of which we seem to know less than
we know about the movement of the
heavenly bodies and their influence
upon human beings and human events.
Hopefully yours,
R. D. KENNEY.
The clipping follows:
PATMAN
END 'INTEREST RACKET'
WASHINGTON.—Rep. Wright Pat
man, Texas democrat who was the
recognized leader in the protracted
battle in congress for the soldiers'
bonus, has Introduced a bill in the
house of representatives which would
end the Interest racket in government
bonds, which he said "would make
it possible to finance the war debt
without paying tribute to a few people
who are using the government's credit
and idle gold absolutely free."
Rep. Patman is the lone Texas
member of congress who has signed
the Townsend bill discharge petition.
He is recognzled as an authority on
money and financing.
The bill provides that non-interest
bearing bonds would be issued by the
government and deposited with Fed
eral Reserve banks, against which the
government can receive credit to meet
its
"The current estimate of what the
whole war s going to cost us is 150
billion dollars," Rep. Patman asserted.
"If we spend 150 billion dollars it will
cost four or five billion dollars a year
to pay the interest on this gigantic
sum.
"In all probability that is all the
taxpayers of this country will be able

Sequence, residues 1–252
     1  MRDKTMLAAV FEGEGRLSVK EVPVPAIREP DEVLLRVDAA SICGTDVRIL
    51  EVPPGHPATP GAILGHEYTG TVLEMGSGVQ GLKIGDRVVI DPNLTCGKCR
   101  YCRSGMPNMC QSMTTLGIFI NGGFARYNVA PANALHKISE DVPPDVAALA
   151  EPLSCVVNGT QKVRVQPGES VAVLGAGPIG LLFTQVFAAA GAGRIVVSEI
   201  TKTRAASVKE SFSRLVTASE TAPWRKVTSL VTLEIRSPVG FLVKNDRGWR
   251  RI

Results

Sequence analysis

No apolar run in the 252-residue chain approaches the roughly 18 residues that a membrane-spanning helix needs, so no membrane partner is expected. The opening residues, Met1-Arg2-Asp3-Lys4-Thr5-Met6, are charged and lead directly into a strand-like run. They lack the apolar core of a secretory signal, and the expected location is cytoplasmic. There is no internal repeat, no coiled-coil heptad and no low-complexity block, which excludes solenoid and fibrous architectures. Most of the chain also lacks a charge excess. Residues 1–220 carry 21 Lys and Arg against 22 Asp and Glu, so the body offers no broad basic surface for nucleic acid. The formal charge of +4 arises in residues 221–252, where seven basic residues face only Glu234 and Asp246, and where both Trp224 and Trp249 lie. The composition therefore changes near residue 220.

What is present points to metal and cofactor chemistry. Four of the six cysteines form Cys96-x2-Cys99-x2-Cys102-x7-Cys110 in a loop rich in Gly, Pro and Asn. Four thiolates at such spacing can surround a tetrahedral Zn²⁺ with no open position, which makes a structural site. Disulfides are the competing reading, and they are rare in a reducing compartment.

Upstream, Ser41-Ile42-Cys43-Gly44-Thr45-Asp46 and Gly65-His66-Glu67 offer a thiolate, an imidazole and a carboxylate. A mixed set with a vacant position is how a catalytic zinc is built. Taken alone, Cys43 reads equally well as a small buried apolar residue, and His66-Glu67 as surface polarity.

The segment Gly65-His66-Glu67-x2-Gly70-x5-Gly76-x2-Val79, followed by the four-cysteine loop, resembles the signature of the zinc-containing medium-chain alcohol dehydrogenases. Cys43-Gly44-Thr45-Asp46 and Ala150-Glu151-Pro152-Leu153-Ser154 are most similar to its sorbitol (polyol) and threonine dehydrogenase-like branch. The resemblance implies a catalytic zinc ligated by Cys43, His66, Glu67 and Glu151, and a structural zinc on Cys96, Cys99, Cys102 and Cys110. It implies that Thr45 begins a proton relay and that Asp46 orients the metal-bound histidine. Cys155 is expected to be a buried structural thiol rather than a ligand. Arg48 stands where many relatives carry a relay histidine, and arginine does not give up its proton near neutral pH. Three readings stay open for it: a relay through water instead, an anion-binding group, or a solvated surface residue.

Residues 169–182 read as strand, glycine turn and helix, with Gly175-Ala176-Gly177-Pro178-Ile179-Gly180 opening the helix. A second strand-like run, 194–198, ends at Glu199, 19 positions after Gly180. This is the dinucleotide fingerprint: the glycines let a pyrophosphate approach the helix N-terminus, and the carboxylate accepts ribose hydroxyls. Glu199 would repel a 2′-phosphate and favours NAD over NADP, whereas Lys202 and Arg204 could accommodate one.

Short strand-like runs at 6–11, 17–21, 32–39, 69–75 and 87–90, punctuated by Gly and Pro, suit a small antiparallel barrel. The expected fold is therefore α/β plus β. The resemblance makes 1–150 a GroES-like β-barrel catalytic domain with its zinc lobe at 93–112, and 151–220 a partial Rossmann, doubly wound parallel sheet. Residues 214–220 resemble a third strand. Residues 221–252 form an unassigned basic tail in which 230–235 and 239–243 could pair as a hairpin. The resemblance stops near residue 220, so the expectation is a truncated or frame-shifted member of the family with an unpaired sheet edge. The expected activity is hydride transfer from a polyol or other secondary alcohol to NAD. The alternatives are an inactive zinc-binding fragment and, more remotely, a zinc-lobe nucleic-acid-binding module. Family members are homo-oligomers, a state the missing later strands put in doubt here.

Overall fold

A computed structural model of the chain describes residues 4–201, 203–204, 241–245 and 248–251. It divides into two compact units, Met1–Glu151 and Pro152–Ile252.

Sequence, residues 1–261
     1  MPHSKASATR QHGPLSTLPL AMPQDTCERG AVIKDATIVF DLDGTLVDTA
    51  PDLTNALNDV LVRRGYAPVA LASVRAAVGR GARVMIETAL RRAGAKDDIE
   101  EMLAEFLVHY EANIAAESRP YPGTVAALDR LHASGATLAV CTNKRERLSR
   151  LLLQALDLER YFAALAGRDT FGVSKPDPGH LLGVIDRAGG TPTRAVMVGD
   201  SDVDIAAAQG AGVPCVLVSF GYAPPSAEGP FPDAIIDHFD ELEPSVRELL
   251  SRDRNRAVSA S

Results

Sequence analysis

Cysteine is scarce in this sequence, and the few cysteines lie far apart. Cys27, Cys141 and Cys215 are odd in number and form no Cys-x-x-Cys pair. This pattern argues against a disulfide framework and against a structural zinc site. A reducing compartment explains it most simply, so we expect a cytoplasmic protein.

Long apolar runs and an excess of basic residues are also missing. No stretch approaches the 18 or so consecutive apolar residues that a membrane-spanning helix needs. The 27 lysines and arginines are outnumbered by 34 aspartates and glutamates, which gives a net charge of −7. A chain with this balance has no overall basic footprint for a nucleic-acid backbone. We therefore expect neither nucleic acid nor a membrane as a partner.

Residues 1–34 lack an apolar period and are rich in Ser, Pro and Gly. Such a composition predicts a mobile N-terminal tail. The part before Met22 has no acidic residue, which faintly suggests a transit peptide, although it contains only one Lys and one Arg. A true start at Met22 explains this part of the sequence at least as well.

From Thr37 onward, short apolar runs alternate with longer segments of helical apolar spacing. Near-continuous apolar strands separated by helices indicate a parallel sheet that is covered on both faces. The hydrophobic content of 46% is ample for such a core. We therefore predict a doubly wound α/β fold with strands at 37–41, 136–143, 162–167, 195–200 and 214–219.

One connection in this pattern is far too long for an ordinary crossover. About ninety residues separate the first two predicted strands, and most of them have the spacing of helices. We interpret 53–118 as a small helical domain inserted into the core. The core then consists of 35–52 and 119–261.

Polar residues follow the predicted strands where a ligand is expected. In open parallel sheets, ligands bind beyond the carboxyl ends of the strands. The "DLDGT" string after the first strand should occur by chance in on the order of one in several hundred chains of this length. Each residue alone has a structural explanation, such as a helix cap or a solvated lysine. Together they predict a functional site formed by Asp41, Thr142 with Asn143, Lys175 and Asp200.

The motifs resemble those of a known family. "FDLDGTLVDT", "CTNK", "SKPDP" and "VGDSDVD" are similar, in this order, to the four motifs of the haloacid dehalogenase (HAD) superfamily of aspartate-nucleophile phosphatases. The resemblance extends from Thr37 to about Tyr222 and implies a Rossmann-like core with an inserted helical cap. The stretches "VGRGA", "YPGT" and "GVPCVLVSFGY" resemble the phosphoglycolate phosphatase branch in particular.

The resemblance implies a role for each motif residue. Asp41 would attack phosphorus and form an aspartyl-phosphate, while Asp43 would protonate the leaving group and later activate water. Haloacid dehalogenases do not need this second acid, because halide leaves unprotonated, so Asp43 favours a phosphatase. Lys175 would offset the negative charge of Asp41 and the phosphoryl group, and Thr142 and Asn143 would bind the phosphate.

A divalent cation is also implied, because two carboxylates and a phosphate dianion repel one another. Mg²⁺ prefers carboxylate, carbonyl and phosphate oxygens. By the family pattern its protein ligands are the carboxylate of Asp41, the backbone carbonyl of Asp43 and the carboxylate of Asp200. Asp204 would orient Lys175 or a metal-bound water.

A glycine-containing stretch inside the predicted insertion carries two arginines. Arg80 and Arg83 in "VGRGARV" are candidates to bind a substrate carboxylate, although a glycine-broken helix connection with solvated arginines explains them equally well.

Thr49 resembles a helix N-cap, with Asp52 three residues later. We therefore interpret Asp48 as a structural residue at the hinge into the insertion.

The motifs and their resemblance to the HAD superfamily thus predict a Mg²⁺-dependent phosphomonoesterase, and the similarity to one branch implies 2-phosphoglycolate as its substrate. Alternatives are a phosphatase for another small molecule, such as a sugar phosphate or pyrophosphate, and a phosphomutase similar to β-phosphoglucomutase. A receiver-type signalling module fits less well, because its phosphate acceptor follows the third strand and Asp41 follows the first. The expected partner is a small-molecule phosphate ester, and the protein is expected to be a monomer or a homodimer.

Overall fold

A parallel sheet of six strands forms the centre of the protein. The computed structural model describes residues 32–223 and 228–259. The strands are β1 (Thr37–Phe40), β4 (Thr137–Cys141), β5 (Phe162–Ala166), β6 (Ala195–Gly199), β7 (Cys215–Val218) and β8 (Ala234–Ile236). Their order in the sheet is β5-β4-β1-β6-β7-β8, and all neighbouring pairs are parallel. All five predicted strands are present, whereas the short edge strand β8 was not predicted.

to pay, and they will, therefore, be
unable to make any payments on the
principal of the debt.
"That being true, all the money that
will be raised in taxes to pay on the
national debt will go to the people
who are using the credit of the nation
absolutely free, and who have had
farmed out to them the use of the idle
gold free, and the people will thereby
be forced to pay a debt that is
less, wasteful, extravagant and unnec
essary."
Patman's bill also provides that no
more interest-bearing obligations of
the United States should be sold to
commercial banks, or banks receiving
deposits.
use
"The reason for such a provision Is
that such a bank does not give the
government anything in return for its
bonds," the Texan said in explaining
the section.
"The bank merely re
ceives the bonds and gives the gov
ernment credit in bookkeeping trans
marks, or
pen money.
Banks Create Money
"Every informed person admits that
under such circumstances the com
mercial banks create the money out
right. If money is to be created out
right, it should be created by the gov
ernment itself, and no interest paid
on it."
In closing, Patman declared that
the present national budget require
ments of 59 billion dollars would cost
every man, woman and child a total
of $447 in interest, to be paid to pri
vate banking interests which are
ing the government credit and gold
free.
US
WITH THEIR BOOTS OFF
Among other records set by Hitler
is one for the greatest number of gen
erals to die in bed.